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What did Feynman mean?

  1. Sep 2, 2003 #1
    As I was recalling one of the Feynam lectures, I rememberd him saying that the only phenomena QED couldn't explain are the physics of the nucleus and one other that I can't remember...gravity maybe? Anyway, since QED deals with atomic particle interactions it was the nuclier one that surprised me. I sort of got the impression that he ment both QED and QM couldn't explain nuclier physics(but not sure if he was including QM).
    So my questions are: Does anyone know what aspects of nuclier physics are not explainable with QED? AND, was he including QM when he said that?
  2. jcsd
  3. Sep 2, 2003 #2


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    QED, quantum electrodynamics, is a quantum-mechanical theory of electromagnetism. You can think (loosely) of the following relationship:

    quantum mechanics + classical electrodynamics = quantum electrodynamics

    QCD, quantum chromodynamics, is a quantum-mechanical theory of the strong force, which is the force responsible for keeping protons and neutrons together in nuclei. QCD and QED are peers, one describing electromagnetism with quantum mechanics, and one describing the strong force with quantum mechanics.

    There is currently no quantum-mechanical theory of gravity, though several approaches (loop quantum gravity and string theory) are being attempted simultaneously.

    - Warren
  4. Sep 2, 2003 #3


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    Maybe it's because QED = Quantum electrodynamics refers to the EM force, and for nuclear effects you should be looking at QCD = Quantum Chromodynamics which deals with the strong nuclear force that is dominant in nuclear interactions?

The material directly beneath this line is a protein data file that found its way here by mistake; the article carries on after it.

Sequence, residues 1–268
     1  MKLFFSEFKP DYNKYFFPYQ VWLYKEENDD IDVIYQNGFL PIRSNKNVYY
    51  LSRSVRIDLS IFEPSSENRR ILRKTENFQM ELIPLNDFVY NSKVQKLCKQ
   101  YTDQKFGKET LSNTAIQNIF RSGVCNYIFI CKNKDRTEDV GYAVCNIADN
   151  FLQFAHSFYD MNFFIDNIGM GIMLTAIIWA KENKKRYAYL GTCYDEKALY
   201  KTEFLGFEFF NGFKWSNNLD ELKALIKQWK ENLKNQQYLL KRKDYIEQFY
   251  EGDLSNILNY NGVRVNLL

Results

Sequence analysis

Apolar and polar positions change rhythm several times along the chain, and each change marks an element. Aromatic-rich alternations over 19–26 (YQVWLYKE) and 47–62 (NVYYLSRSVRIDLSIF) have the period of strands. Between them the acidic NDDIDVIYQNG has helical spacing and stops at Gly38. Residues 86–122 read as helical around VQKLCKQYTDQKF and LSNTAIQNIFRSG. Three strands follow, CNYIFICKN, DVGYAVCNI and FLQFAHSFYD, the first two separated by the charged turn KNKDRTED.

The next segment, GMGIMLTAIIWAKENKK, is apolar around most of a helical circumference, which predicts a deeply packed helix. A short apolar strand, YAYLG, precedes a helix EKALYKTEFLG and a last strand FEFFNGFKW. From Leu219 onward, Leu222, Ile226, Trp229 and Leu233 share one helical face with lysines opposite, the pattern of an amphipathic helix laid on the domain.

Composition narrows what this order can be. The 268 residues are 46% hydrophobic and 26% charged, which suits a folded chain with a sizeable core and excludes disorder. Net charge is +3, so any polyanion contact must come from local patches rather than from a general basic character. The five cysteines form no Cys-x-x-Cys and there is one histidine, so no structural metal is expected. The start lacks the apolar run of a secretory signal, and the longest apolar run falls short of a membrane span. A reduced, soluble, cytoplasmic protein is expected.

5. Sep 5, 2003 #4
    All quantum theories are predictive theories that predict behaviour. They do not explain the cause of the action or what the entities are.
    There is some difficulty with this because most books fail to point out the limitations of the Standard Model (quantum theories and relativity) but Scientific American recently did a special issue on this subject and the steps being taking to find the answers.
    Feyman stated in one of his lectures that no one has explained what magnetism is and in his opinion no one ever would. This appears in one of the lectures in the three volume publication of his lectures. If you have access to a copy (I do not) look up the opening lecture on magnetism.
    Last edited by a moderator: Sep 5, 2003
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